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Dinnae haud yer wheesht: Scots language campaigners speak up for new parliament legislation

Scots language words.

A new enthusiasm for folk reclaiming their language roots is behind a drive by campaigners to get politicians to support legislation in Holyrood that would promote the use of Scots in everyday life.

There’s no doubt the Scots language is going through something of a renaissance at the moment.

An Open University course, launched at the end of 2019, has attracted thousands of people to sign up to rediscover or formally learn the language they perhaps spoke growing up.

The Council of Europe formally recognises Scots as a minority language, as does the United Nations’ UNESCO which classes it as “vulnerable” with 1.5 million speakers.

And the Scottish Government has its own policy commitments on the subject, first published in 2015, which says “the Scots language is an essential element of the culture and heritage of Scotland” and promises to develop a national Scots language policy with more support for Scots in education and the media.

Campaigners though want to see more being done now, in the form of a Scots language act similar to the Gaelic language act introduced by the Labour-Lib Dem coalition government in 2005.

“Oor Vyce has been campaiging for a Scots language act, and has been constituted for aroon a year, but there been people fichtin for this cause for several tens of years” explains Iona Fyfe, a Scots language musician and campaigner, on this week’s episode of The Stooshie podcast.

Listen to the full interview with Iona Fyfe on the latest episode of The Stooshie podcast. 

“Ultimately we need a Scots language act which puts into legislation that Scots is an actual language and then after that we’re needing something called a Scots language board which would be full of people that are qualified to advice on policies in terms of education, in terms of media as well.”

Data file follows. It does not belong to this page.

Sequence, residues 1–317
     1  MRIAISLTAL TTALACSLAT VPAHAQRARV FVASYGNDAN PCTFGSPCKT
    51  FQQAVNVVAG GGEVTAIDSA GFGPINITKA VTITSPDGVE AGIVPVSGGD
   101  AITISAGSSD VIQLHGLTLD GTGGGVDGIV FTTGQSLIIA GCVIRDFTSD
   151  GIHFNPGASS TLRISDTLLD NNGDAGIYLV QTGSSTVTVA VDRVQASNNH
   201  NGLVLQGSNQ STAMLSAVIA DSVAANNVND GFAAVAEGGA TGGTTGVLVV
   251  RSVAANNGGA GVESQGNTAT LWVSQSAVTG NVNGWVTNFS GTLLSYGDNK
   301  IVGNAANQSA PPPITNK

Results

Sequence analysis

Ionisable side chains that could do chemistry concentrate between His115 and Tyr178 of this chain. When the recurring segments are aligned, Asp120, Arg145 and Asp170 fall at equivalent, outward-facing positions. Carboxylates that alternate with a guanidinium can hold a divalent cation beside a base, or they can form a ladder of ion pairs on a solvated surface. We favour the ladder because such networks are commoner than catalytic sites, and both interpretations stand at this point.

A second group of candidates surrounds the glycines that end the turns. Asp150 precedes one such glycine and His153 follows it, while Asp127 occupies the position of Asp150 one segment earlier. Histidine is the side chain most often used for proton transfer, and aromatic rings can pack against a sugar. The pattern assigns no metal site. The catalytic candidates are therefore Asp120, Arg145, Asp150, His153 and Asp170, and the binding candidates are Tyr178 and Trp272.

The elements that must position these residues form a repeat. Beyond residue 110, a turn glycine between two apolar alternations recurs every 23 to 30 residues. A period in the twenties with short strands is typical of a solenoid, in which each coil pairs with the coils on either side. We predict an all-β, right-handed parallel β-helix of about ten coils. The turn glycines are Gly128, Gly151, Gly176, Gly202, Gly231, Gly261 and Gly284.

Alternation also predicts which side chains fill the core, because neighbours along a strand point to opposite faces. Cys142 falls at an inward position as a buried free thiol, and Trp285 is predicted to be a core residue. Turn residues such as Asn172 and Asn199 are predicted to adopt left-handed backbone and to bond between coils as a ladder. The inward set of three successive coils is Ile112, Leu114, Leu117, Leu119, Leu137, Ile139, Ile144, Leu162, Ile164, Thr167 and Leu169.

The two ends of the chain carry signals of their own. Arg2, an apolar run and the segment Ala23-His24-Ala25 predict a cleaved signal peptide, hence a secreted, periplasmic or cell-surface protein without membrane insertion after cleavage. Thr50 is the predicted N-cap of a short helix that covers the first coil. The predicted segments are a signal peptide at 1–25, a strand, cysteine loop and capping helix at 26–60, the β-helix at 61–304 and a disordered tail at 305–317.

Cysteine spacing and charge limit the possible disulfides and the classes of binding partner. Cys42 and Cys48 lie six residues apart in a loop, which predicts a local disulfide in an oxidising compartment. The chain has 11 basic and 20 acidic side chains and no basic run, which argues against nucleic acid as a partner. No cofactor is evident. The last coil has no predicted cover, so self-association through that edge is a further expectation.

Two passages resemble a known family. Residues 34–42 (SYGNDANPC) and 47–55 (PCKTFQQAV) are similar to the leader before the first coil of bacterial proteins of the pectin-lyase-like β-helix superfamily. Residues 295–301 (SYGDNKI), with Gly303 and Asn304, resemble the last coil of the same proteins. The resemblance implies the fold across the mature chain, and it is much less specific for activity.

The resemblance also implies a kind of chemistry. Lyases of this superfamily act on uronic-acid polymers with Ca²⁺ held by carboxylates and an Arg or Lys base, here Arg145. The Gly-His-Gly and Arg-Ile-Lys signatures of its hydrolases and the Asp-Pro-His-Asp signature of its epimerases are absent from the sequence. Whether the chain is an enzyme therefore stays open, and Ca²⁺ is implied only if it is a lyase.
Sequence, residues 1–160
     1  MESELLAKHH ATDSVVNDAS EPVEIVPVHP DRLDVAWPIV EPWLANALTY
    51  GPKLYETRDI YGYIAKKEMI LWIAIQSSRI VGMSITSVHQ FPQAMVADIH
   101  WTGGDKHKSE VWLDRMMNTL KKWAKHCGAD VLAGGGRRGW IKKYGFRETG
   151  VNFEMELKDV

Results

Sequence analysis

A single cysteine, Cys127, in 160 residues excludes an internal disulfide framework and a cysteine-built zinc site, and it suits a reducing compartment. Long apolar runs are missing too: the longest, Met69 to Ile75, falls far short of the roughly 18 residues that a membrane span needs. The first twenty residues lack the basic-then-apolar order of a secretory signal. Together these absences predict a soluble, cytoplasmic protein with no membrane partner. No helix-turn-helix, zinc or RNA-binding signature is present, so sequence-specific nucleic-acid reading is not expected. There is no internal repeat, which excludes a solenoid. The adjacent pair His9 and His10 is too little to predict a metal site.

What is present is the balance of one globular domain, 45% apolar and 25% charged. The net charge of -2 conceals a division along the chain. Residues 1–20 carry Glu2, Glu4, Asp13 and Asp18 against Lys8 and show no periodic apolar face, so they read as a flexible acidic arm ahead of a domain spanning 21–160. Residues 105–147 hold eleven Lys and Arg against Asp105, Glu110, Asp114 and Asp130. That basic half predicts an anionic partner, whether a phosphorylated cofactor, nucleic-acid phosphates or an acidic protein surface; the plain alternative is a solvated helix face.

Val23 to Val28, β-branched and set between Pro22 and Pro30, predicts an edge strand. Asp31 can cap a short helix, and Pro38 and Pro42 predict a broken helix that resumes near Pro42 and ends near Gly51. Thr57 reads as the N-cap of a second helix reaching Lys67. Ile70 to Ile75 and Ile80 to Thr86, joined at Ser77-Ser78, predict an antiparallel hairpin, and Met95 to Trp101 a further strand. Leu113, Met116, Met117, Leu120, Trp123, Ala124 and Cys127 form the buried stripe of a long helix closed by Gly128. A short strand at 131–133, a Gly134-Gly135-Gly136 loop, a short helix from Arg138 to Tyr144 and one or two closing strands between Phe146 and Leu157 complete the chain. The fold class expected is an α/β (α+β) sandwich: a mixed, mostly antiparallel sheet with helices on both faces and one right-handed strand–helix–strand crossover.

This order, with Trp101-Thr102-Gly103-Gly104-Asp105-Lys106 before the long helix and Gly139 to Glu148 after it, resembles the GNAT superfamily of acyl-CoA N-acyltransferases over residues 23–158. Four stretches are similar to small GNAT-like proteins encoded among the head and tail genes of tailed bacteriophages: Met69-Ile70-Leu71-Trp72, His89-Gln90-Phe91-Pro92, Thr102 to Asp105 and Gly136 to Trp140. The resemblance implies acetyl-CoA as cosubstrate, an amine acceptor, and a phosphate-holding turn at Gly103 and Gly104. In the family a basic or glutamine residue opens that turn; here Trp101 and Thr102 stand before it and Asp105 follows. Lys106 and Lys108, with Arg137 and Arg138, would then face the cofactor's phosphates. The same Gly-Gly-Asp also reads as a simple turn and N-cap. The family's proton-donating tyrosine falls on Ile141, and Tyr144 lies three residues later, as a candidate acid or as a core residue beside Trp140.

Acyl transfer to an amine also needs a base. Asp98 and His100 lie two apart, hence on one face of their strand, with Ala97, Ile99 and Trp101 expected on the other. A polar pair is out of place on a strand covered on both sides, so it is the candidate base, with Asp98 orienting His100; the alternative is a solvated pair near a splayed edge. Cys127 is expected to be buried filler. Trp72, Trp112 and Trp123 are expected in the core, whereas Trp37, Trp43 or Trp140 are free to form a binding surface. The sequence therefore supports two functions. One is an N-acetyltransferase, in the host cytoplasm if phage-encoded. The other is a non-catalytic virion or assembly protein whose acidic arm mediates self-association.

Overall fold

Raising the Scots language profile in Holyrood

A formal Scots language act, campaigners say, would not only raise the profile of Scots but give it much-needed legitimacy as well – when often it is characterised as the language of working-class or uneducated Scots.

Currently, 35 out of 129 MSPs have signed the The Scots Pledge, an initiative launched before the Scottish parliamentary elections in May for candidates to say they are interested in promoting and protecting the Scots language, and its various dialects like Doric spoken in the north-east.

Among the cross-party signatories are the SNP’s Audrey Nicoll and Kevin Stewart, and the Scottish Conservatives’ Alexander Burnett in the Aberden area; Green MSPs Ariane Burgess in Inverness and Mark Ruskell in Fife; Lib Dems Jane Ann Liston in Mid-Fife and Glenrothes and Liam McArthur in Orkney; and Scottish Labour’s Mercedes Villalba in Dundee.

“It’s difficult to mak sure Scots is on the political agenda, but also mak sure it’s not politicized, because Scots shouldna be one party” says campaigner Iona Fyfe.

“Folk from ah over the political spectrum speak Scots and use Scots.”

Our Spikkin Scots series explores Scotland’s mither tongue. Find out more about our country’s different dialects with our interactive map.


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